The importance of volcanoes, on Earth and beyond | Culture & Leisure


Volcanoes need a new agent.

Every time an eruption begins somewhere on Earth, we are overwhelmed with news of destroyed buildings, closed airspace, people being evacuated, and at worst injuries and deaths. These extreme impacts occur during certain eruptions, but as any volcanologist would remind you, volcanoes spend most of their lives not erupting. Yet these geological wonders are still portrayed as villains in the media, in movies, and in books. Robin George Andrews might be that agent volcanoes need to change their public persona, as his new book, “Super Volcanoes: What They Reveal About Earth and the Worlds Beyond,” attempts to rehabilitate their image and define them as vital features on and outside of Earth.

Even the term “super volcano” was coined for the Hollywood ideal of a giant, deadly eruption. There is no technical definition of when an ordinary volcano turns into a super volcano; the term is used to refer to the massive, apocalyptic eruptions that many fear will occur in places like the Yellowstone Caldera in Wyoming. The types of eruptions that would fit the theoretical definition of “super” haven’t happened for thousands of years, but even volcanologists have admitted the term is here to stay.

Andrews’ stated goal is to use his enthusiasm for volcanoes to kick-start our thinking about these fiery forges. A scientist turned science writer, Andrews realized that the world of academic volcano research was not the reason he deepened his volcanic knowledge while earning his doctorate at the University of Otago in Nova Scotia. Zeeland. Instead, he wanted to spread the gospel of volcanism to the masses who only view them as harbingers of doom. In “Super Volcanoes” he blasts his way through some of the most significant recent eruptions and discoveries.

Starting with the Kilauea eruption in Hawaii in 2018, Andrews travels back and forth from the past to the present to reveal the history of modern volcanology. Thomas Jaggar’s early attempts to take the temperature of lava in the early 20th century are woven into the stories of the start of the 2018 lava flows that buried several communities on the slopes of Kilauea. The frenzied response to the 2018 eruption is told through the eyes of US Geological Survey geologists such as Christina Neal and Wendy Stovall, who put us in their boots as lava fountains pour molten rock on houses and roads.

Our current understanding of volcanic processes is the thread that connects the chapters. Surprisingly, it has been less than 100 years since we first recognized the Yellowstone caldera and its history of huge eruptions that Andrews calls “the Mephistophelian paroxysms”. Yet even as we learn of those cataclysmic eruptions from Yellowstone that blanketed land from Montana to Louisiana in ash, it’s really the science of volcanoes that drives Andrews’ prose: “But the world won’t end. It wouldn’t even come close to bringing civilization down. We know this, because this experiment has already been carried out.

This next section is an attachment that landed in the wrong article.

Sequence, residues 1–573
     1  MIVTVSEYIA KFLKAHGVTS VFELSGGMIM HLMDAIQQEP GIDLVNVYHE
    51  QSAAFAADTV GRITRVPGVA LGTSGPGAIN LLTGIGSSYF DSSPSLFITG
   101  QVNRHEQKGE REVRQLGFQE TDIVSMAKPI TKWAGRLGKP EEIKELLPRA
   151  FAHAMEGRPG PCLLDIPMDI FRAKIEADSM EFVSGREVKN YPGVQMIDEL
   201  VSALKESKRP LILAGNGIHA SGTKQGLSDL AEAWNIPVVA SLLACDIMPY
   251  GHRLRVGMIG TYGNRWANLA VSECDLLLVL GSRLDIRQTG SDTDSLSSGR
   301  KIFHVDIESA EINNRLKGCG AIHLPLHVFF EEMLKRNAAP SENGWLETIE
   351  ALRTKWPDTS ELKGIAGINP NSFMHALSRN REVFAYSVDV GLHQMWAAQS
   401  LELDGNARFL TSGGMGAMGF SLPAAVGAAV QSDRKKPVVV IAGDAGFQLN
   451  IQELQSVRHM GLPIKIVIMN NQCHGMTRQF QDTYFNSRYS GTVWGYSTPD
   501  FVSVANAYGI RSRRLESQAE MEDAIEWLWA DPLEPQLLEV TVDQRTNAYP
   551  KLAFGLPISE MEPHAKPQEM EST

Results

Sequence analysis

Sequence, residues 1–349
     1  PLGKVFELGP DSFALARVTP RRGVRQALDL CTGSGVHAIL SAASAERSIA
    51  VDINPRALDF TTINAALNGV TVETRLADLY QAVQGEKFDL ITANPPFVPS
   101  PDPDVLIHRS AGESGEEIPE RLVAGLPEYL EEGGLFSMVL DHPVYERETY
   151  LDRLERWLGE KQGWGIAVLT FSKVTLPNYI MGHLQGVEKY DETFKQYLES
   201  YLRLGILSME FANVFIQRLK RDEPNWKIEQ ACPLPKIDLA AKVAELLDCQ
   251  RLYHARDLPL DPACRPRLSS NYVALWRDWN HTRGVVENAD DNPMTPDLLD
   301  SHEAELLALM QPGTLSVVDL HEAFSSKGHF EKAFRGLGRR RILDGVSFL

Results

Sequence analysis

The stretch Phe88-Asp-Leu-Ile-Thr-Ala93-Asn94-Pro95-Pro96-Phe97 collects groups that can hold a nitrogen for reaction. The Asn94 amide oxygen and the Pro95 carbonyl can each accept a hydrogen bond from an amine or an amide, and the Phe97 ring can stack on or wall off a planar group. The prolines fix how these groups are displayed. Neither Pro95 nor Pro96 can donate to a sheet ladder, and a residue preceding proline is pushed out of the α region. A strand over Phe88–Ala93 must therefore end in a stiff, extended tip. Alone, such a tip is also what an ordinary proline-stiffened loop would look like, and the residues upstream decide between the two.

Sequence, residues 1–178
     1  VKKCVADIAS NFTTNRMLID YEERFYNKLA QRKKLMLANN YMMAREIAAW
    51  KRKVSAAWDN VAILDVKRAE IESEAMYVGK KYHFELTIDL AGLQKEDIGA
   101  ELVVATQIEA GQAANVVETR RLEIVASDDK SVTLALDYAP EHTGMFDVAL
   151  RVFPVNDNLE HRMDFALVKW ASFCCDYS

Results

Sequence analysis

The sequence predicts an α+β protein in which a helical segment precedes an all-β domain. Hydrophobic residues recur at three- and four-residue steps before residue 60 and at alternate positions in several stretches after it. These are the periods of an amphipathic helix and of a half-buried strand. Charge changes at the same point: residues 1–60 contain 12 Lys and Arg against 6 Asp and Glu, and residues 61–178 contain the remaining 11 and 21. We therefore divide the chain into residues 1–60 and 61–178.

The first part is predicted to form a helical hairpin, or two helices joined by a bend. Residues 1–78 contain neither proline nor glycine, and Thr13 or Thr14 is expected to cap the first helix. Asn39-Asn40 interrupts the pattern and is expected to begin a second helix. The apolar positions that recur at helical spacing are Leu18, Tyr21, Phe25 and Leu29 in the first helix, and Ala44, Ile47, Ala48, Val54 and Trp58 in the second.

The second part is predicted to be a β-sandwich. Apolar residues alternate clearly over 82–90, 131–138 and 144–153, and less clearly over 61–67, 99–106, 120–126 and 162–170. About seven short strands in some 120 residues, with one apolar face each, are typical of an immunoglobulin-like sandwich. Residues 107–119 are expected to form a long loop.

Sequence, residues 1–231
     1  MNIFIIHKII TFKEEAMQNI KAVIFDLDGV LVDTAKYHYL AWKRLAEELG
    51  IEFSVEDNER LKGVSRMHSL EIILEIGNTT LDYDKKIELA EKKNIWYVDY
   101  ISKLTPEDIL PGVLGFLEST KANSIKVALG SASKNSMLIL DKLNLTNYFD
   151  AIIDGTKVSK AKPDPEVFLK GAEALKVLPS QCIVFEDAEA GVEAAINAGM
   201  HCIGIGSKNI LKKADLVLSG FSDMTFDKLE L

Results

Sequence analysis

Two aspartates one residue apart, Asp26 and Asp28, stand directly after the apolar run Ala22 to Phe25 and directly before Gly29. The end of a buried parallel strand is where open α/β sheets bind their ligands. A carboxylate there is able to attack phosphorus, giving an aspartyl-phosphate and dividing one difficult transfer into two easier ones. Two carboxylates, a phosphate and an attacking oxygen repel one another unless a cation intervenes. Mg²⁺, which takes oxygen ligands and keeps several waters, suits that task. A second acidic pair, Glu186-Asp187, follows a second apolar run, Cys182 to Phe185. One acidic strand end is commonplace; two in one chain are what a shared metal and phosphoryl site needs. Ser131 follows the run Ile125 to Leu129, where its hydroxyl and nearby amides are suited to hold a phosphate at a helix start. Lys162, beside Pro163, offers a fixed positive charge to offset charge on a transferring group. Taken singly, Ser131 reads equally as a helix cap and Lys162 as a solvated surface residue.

In the first half of the book, Andrews takes us on a whirlwind tour of volcanoes around the globe. We join scientists who study volcanoes and volcanic processes and learn how these processes affect people and life. Andrews tends to introduce us to new characters with a Dickensian quickness that dulls the impact of all those amazing scientists, but he shows us that the world of volcanology is a large and diverse community.

In its second half, the book dives deep into the nature of extraterrestrial volcanism. Andrews takes us to Mars, the moon, Venus, and the outer planets, primarily researching how volcanoes relate to the potential for life on other worlds. Sometimes you feel like you’ve wandered into another book. But regardless – Andrews creates a sense of wonder in the reader over the detection in September 2020 of a gas most people have never heard of, phosphine, a chemical compound made up of part of phosphorus and three parts hydrogen. “And the world went mad,” Andrews writes of this sighting, since phosphine has been suggested to be a chemical sign of life. In this case, it would be life in the clouds of our sister planet Venus.

Andrews is good at describing volcanic processes in a way that most people can understand. Discussing the extremely unusual carbon-rich lavas of Oldoinyo Lengai in Tanzania, he notes that nearby “there is a large piece of mangled continental rock, a block 3 billion years or older named the Tanzania Craton. Over its long history, mantle plumes have risen… tickling the belly of the craton and providing it with plenty of carbon.

Andrews provides illuminating analogies that capture the uncertainty and unknowns of volcanology. Describing how we don’t know the relationship between large asteroid impacts on the moon and the massive lava flow fields that mark dark areas on its near side, he writes: “It’s a bit like coming home. house to find your dog destroying the pillows on the couch, the toilet paper, the TV remote and a few books: it’s unclear which of these fundamental acts of destruction happened first, or last.

Andrews admits that what he really wants to be is a time traveler. This is clear from “Super Volcanoes”. The book excels when it immerses us in an alien place or time, such as a devastating eruption in Yellowstone or the atmosphere of Venus, and paints a picture for us of actually being there. Yet, as we all know, we are not time travelers. Volcanoes can help record times past, and Andrews reminds us that there’s a reason we’ve been writing about them since the days of Pliny: “Time flies. But volcanoes and eruptions have a timeless effect on our minds, whether we watch their embers on land, underwater or in space.

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